UM-Flint has been a staple in the community for a long time, and in the near future, the university will begin to see some major improvements. The Murchie Science Building (MSB) is almost 32 years old, and although there have been updates in the past for this building, the upcoming improvements are needed.
Science, Technology, Engineering, and Math (STEM) programs are increasing, and that means more scientists and engineers are emerging. With this influx of creative minds transitioning into college, MSB needs more space and updated equipment to aid the learning process.
Ryan Craven, intermediate architect in building services and facilities at UM-Flint, answered a few questions regarding this development scheduled to start in November.
“We’re on schedule for the project, it should be constructed and done by winter 2020,” said Craven.
Right now, it is in the “DD phase,” according to Craven, which means that he and others are in the design and development stage of the project.
Craven has had a hand on the designs for White Building’s Information Desk, Riverfront’s Information Desk, and the University Tower Acquisition and Design/Utilities. He is also responsible for the current renovations to Jilly’s Pizza in the University Pavilion.
For these new developments to MSB, the loop drive over by the University Center and Recreational Center will be turned into a fire safe, easily accessible cul-de-sac. The addition is going to add up to 66,000 more square footage, so the students and faculty can be involved in the area more.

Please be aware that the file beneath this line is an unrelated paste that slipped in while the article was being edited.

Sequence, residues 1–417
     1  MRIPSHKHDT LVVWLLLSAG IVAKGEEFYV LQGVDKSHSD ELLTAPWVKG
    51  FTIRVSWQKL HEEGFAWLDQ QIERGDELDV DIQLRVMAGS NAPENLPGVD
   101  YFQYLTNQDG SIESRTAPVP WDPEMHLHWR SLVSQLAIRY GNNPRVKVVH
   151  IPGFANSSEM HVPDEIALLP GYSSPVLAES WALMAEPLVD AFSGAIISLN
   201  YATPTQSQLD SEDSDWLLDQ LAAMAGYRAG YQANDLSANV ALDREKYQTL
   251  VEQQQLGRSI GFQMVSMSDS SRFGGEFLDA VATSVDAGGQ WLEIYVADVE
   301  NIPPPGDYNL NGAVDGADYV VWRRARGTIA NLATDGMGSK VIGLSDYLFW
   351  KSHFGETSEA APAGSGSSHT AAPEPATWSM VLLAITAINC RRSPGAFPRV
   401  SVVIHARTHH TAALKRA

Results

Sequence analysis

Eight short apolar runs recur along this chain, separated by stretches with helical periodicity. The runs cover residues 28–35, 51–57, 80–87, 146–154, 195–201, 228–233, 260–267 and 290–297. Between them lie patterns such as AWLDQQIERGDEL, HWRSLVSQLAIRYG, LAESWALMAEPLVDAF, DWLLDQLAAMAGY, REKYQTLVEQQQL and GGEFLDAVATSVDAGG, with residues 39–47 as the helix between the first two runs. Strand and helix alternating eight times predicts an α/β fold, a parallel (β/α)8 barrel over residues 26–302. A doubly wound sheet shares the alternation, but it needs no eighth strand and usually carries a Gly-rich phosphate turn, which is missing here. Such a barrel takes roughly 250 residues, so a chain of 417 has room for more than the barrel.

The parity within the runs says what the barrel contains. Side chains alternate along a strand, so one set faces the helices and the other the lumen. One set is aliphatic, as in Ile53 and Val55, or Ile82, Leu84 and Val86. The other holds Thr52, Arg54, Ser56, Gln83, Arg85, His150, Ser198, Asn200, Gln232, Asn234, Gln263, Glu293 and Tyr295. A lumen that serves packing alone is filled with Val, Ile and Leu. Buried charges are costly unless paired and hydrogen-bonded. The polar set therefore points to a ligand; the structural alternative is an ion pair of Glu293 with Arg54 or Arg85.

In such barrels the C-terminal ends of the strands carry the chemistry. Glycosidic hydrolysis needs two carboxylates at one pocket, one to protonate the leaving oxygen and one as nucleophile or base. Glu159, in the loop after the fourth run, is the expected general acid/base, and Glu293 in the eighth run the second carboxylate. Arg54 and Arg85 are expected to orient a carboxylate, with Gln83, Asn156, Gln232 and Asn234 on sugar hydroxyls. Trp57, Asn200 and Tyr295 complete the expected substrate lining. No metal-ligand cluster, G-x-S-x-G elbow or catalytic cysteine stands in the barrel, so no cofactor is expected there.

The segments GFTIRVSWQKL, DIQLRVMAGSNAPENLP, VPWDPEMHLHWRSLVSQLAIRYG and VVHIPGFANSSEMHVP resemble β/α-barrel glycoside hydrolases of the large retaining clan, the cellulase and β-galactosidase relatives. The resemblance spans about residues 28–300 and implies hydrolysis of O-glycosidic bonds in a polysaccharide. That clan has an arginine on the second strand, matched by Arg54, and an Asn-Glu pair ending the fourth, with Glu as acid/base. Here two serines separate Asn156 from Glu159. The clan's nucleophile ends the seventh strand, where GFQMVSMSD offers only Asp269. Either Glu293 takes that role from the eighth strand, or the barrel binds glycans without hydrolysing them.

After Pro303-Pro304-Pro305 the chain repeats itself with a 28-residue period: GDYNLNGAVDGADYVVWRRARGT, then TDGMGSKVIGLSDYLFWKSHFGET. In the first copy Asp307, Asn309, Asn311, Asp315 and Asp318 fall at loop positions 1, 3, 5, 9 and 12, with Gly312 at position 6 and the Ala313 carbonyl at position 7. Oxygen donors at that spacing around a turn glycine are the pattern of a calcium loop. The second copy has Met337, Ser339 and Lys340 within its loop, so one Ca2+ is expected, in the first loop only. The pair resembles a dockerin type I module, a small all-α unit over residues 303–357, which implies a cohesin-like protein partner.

“The science-based upgrades will include a design studio that will have creativity for students to learn and develop from,” said Craven.
These advancements will change four of the general lecture rooms into something more modern, cleaner and comfortable, according to Craven. The new space will hold not only a design studio, but engineering labs that will hold robotics, wood shops, and an engineering design station. The station will utilize the newest programs and other various technological opportunities will be available for students’ use.
When asked about how much this project means to an architect like Craven, he showed me why he loves the job he has here at UM-Flint.
“I have a great deal of joy for this project and a passion for this profession. As a young architect, seeing a big project like this carries a lot of excitement and I can’t wait to see the finished product,” said Craven.
The question is, as we improve the scientific side of the academic spectrum, what else is going to be improved at UM-Flint?
“The university continuously evaluates assigned spaces for the academic units and student life alike based on current and future needs and utilization,” explained Craven. “As the academic and higher education worlds are always evolving, so is the need for creating new and modern spaces. The University Pavilion is currently facing general upgrades in the overall appearance and utilization in general, but focusing on the elimination of the escalators, which have been historically troubling to maintain.”